Triangle Police, Medicaid Cracking Down On Misuse of Prescription Drug
Posted June 29, 2001
DURHAM — OxyContin is a prescription pain killer used by chronic pain sufferers and cancer patients. In North Carolina, it is becoming a popular street drug.
OxyContin is the brand name for
. On the street it is known as "the poor man's heroin," "hillbilly heroin" or "OC."
The drug and its use has gotten the attention of local law enforcement officers, like Major Bill Pickard.
Pickard says the big appeal the little pill is its high concentration. Abusers usually crush the pill and snort it to get a one-shot, heroin-like high.
""For instance, [a] 40 milligram tablet is the equivalent of eight Percacet tablets," he says.
Officers across the Triangle are working with the Drug Enforcement Agency. One area they are focusing on is pharmacies, to make sure prescriptions are legitimate.
Durham Pharmacist Bill Burch has seen an increase in OxyContin prescriptions in the last several months.
"It comes in very strong dosage units," he says. "Whether we like it or not, the pharmacist's job is to police the scheduled drugs."
In the last month, officers have arrested two people for trafficking the drug in Durham. The pills can go for as much as $100 each.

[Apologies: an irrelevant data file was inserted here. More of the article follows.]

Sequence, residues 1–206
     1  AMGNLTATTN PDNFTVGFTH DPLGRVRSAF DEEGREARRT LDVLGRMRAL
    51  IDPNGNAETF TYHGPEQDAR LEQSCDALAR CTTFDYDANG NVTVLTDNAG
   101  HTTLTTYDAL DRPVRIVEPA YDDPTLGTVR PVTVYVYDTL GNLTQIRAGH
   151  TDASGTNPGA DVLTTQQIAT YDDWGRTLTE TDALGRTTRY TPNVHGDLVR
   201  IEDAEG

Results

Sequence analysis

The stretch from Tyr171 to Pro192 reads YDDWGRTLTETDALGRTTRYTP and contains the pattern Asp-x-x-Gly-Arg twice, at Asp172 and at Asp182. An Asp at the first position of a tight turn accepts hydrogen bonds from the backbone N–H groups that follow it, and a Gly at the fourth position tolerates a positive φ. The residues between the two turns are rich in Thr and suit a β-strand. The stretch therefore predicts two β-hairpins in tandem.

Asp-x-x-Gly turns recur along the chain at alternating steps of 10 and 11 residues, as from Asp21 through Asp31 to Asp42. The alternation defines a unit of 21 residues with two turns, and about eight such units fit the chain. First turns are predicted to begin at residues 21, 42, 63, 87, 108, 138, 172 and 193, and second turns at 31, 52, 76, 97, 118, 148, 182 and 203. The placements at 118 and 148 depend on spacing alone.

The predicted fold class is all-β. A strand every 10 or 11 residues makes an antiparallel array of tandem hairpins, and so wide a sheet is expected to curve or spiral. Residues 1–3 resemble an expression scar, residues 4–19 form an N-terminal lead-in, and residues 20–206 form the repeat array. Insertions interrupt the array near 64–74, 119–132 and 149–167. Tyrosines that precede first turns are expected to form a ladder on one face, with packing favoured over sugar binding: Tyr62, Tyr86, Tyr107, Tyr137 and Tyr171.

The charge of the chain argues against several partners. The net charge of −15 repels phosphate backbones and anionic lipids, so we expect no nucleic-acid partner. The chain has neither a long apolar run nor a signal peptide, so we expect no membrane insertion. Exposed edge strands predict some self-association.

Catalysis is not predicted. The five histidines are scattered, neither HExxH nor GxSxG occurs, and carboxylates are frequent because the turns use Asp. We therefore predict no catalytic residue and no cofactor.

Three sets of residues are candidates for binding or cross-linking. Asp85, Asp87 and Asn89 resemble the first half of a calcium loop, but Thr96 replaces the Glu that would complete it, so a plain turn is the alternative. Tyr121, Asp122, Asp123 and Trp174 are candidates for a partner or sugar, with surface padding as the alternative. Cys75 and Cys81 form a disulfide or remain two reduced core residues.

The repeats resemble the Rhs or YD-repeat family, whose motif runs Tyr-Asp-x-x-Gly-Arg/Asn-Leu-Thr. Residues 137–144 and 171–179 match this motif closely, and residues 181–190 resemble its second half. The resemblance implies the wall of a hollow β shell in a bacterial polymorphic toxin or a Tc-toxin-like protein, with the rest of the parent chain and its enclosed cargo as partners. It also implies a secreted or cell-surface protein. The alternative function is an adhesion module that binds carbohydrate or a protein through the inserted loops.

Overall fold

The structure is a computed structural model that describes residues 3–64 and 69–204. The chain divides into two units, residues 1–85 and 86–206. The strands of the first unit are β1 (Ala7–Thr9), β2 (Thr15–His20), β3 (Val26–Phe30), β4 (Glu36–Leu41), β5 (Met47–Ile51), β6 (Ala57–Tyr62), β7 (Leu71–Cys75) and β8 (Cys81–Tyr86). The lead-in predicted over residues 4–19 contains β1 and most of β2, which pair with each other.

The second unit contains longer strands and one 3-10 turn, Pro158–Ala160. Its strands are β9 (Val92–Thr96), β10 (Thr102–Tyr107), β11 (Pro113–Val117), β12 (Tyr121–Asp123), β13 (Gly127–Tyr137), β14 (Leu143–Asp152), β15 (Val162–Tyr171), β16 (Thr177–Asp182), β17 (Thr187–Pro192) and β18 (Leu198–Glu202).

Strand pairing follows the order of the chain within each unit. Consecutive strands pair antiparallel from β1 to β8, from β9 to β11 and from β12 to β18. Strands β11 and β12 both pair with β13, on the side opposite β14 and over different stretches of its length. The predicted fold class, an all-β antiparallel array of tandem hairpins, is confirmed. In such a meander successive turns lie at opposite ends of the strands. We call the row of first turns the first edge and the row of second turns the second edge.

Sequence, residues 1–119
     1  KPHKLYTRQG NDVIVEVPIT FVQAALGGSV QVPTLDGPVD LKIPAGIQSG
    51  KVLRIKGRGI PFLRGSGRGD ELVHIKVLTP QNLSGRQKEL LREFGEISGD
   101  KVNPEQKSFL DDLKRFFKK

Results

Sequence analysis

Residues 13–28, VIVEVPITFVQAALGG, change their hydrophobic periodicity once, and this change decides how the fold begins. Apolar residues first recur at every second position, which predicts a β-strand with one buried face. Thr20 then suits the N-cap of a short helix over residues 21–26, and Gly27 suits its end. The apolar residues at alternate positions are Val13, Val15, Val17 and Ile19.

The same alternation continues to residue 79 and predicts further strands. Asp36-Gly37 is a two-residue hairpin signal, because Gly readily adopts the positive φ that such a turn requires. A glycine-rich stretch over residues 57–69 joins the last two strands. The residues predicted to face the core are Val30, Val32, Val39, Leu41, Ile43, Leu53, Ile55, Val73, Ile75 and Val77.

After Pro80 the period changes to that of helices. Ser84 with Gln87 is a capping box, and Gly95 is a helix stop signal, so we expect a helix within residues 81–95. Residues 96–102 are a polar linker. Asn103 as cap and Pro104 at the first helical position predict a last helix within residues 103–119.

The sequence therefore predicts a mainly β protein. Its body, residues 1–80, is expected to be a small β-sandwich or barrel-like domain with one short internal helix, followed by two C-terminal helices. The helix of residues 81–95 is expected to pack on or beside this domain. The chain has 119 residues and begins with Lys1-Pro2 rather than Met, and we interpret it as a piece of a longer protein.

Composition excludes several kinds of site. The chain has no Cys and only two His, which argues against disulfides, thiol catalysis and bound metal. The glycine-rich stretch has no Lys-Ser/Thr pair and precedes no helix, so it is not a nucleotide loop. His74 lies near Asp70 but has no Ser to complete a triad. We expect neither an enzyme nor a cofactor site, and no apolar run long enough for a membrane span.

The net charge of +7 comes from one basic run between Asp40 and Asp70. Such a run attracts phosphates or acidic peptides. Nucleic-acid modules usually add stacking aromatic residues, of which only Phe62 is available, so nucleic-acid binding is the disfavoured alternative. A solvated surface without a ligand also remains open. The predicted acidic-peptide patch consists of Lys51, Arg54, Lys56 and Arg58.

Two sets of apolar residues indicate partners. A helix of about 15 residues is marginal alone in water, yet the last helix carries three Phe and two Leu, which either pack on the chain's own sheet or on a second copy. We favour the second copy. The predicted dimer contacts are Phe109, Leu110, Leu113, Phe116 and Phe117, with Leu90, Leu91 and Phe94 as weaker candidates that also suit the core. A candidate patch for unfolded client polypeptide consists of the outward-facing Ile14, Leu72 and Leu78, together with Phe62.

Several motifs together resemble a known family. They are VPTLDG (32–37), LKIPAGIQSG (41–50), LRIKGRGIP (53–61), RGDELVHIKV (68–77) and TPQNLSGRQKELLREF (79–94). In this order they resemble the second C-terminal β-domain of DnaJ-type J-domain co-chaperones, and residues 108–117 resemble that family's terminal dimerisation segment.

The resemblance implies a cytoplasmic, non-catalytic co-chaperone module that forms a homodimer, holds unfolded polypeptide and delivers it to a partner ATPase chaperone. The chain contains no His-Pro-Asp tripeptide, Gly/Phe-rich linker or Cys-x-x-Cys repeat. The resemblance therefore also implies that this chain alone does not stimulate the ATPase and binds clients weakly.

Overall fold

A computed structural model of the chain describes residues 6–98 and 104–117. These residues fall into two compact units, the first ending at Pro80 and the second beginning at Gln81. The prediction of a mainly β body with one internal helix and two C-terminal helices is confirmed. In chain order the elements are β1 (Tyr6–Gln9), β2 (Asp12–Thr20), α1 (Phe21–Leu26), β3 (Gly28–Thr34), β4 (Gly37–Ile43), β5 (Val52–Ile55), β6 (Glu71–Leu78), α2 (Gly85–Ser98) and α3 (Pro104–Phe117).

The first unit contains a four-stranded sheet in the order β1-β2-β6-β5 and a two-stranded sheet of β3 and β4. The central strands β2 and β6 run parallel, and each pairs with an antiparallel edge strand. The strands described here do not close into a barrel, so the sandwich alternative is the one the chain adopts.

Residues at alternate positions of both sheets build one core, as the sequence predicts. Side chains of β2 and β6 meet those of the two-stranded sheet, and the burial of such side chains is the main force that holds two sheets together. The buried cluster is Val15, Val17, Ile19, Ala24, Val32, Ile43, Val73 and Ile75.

Last year in North Carolina, 21 deaths were attributed to the drug. Officers expect that number could go even higher this year.
Pickard says the drug's abusers come from all walks of life.
"It's not just your street people, it's not just your middle class housewife anymore. It's your physicians, health care practitioners and high-level people," he says.
In North Carolina, Medicaid pays out a million dollars a month in Oxycontin prescriptions. Pickard tells WRAL it is likely that more than half of those prescriptions are not legitimate.
Starting July 1, North Carolina's Medicaid program will implement a 34-day supply limit. The state hopes the move will help curb abuse of the drug.